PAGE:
Date: c. 1940
Description: Printed on this burlap sack is another brand name most Sioux Cityans are familiar with: Jolly Time Pop Corn, produced by the American Pop Corn Company, the oldest popcorn company in the United States. It was started in 1914 in the basement of Cloid H. Smith, who wanted to find a profitable way to sell his farm’s popcorn and also improve the packaging standards of popcorn in the day. Popcorn in the early 1900s was sold in a cracker barrel, and in shipping the kernels lost the necessary moisture required for popping. In the 1920s Smith came up with a two-fold solution: one was a newly-designed crib or storehouse that was specifically designed to retain moisture. The second solution came in 1926 when they partnered with Chicago’s American Can Company and started selling popcorn in a vacuum-sealed can, keeping the moisture in even on the grocery shelf. Sales exploded for the company’s revolutionary packaging and for the increased demand for snack foods as the radio and TV craze was hitting the nation. These cans displayed Jolly Time’s motto printed on the labels: “Guaranteed to Pop.”
By the late 1950s The American Pop Corn Company also began selling not only to consumers but to the newly developed cinemas. Because cinemas bought popcorn in large quantities and it was often popped immediately by newly developed electric poppers, popcorn was shipped often in cost-effective sacks, like the one shown here. This sack was made to hold 100 pounds of popcorn, which gives an indication of the high demand of the Jolly Time product. The company faced difficulties when the 1953 Floyd River flood severely hurt production, but they bounced back quickly due to the high demand. From 1961 to 1964 the company was a major financier of a project to re-channel the river to ensure a similar disaster would never happen again.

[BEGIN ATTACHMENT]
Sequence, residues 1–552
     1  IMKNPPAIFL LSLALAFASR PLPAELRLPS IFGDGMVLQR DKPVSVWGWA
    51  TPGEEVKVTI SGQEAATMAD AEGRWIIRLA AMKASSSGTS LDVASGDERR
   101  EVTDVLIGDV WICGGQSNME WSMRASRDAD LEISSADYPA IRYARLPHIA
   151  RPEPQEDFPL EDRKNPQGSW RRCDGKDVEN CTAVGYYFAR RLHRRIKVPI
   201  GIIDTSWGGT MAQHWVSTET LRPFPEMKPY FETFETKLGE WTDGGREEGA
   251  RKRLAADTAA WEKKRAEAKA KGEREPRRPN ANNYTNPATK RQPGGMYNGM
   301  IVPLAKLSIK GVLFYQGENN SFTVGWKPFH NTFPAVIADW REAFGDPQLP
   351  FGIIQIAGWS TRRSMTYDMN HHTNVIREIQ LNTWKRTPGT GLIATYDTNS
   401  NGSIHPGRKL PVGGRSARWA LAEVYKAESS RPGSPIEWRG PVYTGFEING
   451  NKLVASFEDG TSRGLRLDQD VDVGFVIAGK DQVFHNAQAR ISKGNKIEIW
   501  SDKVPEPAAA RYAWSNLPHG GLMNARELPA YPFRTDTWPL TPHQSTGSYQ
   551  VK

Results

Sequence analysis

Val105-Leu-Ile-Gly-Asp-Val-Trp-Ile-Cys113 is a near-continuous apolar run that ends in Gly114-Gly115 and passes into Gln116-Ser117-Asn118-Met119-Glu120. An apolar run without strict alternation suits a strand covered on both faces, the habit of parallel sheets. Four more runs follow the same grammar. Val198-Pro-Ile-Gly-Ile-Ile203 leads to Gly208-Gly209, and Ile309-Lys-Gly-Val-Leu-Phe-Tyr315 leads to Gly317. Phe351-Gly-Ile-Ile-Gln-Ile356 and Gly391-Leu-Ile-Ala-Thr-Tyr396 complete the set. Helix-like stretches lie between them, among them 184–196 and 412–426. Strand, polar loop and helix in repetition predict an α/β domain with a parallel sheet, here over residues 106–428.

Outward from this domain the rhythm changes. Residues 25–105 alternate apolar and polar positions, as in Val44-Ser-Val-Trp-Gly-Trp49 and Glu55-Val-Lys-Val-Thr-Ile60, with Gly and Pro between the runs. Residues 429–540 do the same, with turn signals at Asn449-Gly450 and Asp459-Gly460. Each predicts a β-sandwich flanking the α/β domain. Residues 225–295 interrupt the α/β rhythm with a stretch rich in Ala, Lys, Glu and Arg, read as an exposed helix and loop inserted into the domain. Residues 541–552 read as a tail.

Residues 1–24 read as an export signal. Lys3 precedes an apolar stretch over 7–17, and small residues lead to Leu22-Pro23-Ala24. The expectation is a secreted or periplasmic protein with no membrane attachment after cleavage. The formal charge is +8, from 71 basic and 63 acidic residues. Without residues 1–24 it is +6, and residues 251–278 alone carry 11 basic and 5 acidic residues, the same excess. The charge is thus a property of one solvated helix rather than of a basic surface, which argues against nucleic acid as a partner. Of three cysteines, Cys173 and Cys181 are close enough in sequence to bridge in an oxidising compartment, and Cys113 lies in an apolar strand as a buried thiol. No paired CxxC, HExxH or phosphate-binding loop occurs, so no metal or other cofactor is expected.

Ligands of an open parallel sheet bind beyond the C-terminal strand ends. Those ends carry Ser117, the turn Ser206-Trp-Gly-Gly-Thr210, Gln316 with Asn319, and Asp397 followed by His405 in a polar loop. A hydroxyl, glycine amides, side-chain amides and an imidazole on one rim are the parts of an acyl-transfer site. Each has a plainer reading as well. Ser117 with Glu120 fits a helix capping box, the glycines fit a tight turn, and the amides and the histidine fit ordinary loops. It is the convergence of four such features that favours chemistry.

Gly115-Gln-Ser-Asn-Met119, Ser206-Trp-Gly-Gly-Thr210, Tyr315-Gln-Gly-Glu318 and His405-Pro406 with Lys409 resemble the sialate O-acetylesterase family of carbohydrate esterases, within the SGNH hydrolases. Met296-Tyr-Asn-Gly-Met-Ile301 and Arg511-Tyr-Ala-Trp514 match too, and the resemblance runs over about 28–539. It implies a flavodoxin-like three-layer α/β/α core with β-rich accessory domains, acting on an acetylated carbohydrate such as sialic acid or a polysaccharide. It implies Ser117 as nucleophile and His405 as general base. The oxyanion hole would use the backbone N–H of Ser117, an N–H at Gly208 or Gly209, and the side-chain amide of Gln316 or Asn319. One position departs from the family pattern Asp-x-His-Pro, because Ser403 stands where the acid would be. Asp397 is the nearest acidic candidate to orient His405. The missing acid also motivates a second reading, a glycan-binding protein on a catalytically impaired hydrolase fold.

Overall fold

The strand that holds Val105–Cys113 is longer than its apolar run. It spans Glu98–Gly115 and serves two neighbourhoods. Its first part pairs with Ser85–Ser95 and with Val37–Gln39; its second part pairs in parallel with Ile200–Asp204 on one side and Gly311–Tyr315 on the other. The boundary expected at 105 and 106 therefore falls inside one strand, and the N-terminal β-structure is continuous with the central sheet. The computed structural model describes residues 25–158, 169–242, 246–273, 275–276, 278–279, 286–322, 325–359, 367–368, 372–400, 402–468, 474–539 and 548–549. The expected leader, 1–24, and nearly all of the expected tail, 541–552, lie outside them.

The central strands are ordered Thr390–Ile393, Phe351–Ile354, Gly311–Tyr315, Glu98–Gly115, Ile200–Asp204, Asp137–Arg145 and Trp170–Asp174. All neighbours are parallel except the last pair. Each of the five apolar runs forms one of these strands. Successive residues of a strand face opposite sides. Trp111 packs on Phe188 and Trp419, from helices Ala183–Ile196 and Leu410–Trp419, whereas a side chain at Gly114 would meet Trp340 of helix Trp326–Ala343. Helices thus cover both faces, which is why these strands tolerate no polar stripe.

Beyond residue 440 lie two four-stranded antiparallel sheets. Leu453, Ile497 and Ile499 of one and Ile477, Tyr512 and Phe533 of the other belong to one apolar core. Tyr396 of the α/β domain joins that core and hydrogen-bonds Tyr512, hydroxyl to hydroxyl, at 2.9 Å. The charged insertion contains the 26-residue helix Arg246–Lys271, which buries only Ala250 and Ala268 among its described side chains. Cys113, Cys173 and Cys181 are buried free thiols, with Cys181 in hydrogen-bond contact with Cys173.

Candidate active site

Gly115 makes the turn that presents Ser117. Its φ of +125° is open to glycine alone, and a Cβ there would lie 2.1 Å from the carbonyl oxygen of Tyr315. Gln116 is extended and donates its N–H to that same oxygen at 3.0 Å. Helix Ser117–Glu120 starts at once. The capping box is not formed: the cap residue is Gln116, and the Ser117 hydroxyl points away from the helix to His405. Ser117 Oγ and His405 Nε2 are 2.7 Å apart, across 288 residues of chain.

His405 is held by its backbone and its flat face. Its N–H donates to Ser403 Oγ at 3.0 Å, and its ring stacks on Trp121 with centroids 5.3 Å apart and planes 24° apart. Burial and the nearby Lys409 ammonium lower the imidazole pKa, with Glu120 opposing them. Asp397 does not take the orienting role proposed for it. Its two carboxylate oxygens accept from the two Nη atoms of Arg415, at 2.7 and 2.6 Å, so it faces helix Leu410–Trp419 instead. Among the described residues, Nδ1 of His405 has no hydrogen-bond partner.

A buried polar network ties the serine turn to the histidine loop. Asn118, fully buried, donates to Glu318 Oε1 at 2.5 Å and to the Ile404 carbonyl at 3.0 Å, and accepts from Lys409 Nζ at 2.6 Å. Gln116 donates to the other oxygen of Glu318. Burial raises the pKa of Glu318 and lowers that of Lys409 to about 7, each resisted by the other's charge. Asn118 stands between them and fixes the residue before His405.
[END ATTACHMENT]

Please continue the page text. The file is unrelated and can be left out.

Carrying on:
In 1983 the first Jolly Time microwave popcorn appeared on the shelves. The microwave product was designed to hold oil, withstand heat, and keep the seal intact while letting steam escape. The convenience of microwave popcorn boosted the company’s success even further. The company faced more difficulties in the 1990s when a media crisis spread untrue rumors that Jolly Time microwave popcorn caused gastrointestinal diseases. The microwave popcorn market was also becoming saturated, which also hurt sales. To combat these the company developed new products, like the Blast-O-Butter Ultimate Movie Theatre Pop Corn, and smarter marketing strategies. Today the fifth generation of the Smith family still continues to manage and own one of the most successful and profitable Sioux City businesses.
Donor: Donald Kingery